There are days the past comes like a flood, and one may see it coming, take off one’s shoes, roll up the legs of the jeans (if one wears jeans, I don’t enjoy them, but they are sensible for the garden, where a skirt would catch on the thorns of my roses), and either avoid the water entirely or — more likely and in some ways perhaps more sensibly — get wet anyway, but know, still, that there is dry ground and a warm towel and perhaps even a hot drink waiting, after.
But sometimes the water rises without warning, no rain or wind, just suddenly everything is waste, barren, nowhere to stand that is not the gray, cold sea.
Little indeed can he credit, whose town-life
Pleasantly passes in feasting and joy,
Sheltered from peril, what weary pain
Often I’ve suffered in foreign seas.
Night shades darkened with driving snow
From the freezing north, and the bonds of frost
Firm-locked the land, while falling hail,
Coldest of kernels, encrusted earth.
Yet still, even now, my spirit within me
Drives me seaward to sail the deep,
To ride the long swell of the salt sea-wave.
Never a day but my heart’s desire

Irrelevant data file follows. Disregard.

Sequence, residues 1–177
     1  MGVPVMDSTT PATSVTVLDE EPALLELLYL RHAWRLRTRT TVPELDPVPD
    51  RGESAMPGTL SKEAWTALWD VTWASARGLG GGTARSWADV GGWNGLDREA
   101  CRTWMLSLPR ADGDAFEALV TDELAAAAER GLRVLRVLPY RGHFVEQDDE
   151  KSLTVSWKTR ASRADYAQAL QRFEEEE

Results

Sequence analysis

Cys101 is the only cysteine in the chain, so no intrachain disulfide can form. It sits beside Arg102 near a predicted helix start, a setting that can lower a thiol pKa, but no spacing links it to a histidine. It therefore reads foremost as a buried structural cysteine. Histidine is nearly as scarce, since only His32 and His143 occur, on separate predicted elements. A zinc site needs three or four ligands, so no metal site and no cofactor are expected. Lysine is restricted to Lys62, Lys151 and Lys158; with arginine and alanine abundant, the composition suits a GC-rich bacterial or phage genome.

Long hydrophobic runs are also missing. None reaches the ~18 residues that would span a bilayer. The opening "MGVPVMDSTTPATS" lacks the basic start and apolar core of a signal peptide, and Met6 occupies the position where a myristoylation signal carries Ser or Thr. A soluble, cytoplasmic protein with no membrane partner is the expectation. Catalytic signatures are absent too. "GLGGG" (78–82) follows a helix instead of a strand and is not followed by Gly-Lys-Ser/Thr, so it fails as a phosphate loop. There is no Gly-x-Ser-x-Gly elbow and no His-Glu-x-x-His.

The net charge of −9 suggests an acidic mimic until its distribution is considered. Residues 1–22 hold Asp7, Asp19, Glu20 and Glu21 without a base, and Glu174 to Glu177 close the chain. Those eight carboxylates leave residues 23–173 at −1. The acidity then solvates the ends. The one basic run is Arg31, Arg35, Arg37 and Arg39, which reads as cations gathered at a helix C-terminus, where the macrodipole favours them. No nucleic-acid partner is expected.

Would launch me forth on the long sea-path,
Fain of far harbors and foreign shores.
That is Charles Kennedy’s translation of “The Seafarer,” an Old English (or does one say Anglo Saxon nowadays?) poem. I doubt it is the best translation, but it is the one I am most familiar with and so fondest of, and the one that comes as soon as I begin to write about my own waste-water.
That ‘coldest of kernels’ is actually ‘corna caldast‘ which fits very nicely with the Cunningham, does it not? Hail as frozen corn. I had not thought that before, very nice. I do not read this language, not yet, so much of this resonance might simply be within my mind, but then, what else is this space for?
Sometimes the barbarians. Sometimes the fertile land between. But right now, the sea.